Review: Lepage’s Stratford hit Coriolanus returns in cinemas

It's a joy to have last summer's multimedia marvel immortalized on screen

CORIOLANUS – STRATFORD FESTIVAL ON FILM (Barry Avrich, Robert Lepage). 177 minutes. Opens Saturday (March 23). See listing. Rating: NNNN

If you missed Robert Lepage’s acclaimed production of Shakespeare’s Roman tragedy last year at Stratford, Cineplex is offering a chance to see it on big screens in their Stratford Festival on Film series. It’s not the same experience, obviously, but it still lets you appreciate the visionary director’s genius.

Lepage’s multimedia marvel, which topped most Toronto best-of-theatre lists last year, borrowed lots of film techniques to tell the story of the titular fearless military leader (André Sills), whose discomfort with appeasing the people once he becomes a public figure brings about his swift downfall. 

Onstage, gliding screens mimicked cinematic wipes, and Lepage even ended certain scenes with the theatrical equivalent of iris shots, letting us reflect on a specific character’s thoughts and psychological motivations. 

The film’s director, Barry Avrich, was obviously challenged by the project. Lepage’s production worked so well, partly because it was a play using film techniques. There were even occasional live video feeds used in it. Watching a film of a film creates an odd distancing effect. 

But some things work very well in this version. Sills’s intense, hulking performance emerges with extra power, close-ups making us wonder early on whether he’s suffering from PTSD. His Coriolanus isn’t the most likeable man, but seeing Sills give major side-eye to his antagonists and watching him melt when he sees his loyal wife, Virgilia (Alexis Gordon), makes you understand his conflicted nature.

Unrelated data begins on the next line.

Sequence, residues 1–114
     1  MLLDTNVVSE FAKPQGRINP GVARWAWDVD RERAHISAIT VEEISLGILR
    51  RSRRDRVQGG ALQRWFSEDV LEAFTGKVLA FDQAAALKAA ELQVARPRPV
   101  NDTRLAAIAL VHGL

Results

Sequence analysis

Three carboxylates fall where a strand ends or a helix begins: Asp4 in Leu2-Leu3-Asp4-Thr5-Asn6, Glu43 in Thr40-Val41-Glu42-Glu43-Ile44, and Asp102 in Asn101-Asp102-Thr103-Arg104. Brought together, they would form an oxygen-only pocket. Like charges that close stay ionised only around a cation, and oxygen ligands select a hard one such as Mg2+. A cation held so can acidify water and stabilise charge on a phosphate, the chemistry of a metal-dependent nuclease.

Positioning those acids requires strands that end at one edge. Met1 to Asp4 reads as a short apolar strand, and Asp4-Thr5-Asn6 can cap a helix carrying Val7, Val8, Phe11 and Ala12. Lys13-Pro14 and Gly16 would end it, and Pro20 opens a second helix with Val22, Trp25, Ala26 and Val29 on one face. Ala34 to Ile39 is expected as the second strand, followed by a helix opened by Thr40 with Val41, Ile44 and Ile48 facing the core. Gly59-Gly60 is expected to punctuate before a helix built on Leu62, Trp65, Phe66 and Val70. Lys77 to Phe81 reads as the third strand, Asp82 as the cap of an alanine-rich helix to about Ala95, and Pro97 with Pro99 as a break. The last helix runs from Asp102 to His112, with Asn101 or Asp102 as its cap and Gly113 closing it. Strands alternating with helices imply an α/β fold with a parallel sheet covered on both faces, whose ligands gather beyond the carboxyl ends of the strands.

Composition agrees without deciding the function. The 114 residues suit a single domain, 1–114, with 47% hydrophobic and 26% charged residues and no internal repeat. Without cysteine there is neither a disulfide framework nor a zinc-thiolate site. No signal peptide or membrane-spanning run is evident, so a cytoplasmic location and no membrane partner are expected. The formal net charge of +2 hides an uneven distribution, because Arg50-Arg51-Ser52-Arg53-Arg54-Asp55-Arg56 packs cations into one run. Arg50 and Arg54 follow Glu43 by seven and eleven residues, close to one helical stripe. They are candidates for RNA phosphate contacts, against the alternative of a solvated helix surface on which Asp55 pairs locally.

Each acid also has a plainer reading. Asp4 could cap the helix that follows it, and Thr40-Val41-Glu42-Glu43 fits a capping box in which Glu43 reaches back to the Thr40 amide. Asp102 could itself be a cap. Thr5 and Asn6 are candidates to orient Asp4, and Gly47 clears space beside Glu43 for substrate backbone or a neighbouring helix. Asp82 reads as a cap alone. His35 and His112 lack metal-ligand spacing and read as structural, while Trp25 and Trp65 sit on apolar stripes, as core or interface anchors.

Cocktail bars and restaurants still provide amusing backdrops for scenes where a lot of information is imparted, and the production’s funniest section – involving text messages – works just as well on a big screen as it did onstage.

The supporting actors also get to shine, especially Tom McCamus as Coriolanus’s smooth-talking advisor, Menenius, and Stephen Ouimette and Tom Rooney as the manipulative tributes Junius and Sicinius. The three of them deliver a master class in ensemble acting, and it’s a joy to have their performances immortalized on film.

On the other hand, Lucy Peacock’s Volumnia, Coriolanus’s smothering mother, is too shrill and over-the-top onscreen. The performance worked in the theatre, where Peacock’s cagey declarations elicited big laughs from the crowd it’s just too much here. 

And it might seem like a minor point, but stage blood isn’t nearly as realistic as film blood. That doesn’t matter when we’re watching a play, but it’s hard to suspend one’s disbelief when we’re watching what looks like ketchup. 


Leave your opinion for the editor...We read everything!

Your email address will not be published. Required fields are marked *